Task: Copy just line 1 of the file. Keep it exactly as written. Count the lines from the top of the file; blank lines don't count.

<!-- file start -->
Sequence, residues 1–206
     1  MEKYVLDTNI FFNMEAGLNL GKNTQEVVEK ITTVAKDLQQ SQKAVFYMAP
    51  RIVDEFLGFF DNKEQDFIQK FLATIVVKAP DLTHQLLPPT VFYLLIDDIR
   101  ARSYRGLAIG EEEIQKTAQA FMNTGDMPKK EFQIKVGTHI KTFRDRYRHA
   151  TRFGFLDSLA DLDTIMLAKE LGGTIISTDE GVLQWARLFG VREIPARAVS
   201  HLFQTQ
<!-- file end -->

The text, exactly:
Sequence, residues 1–206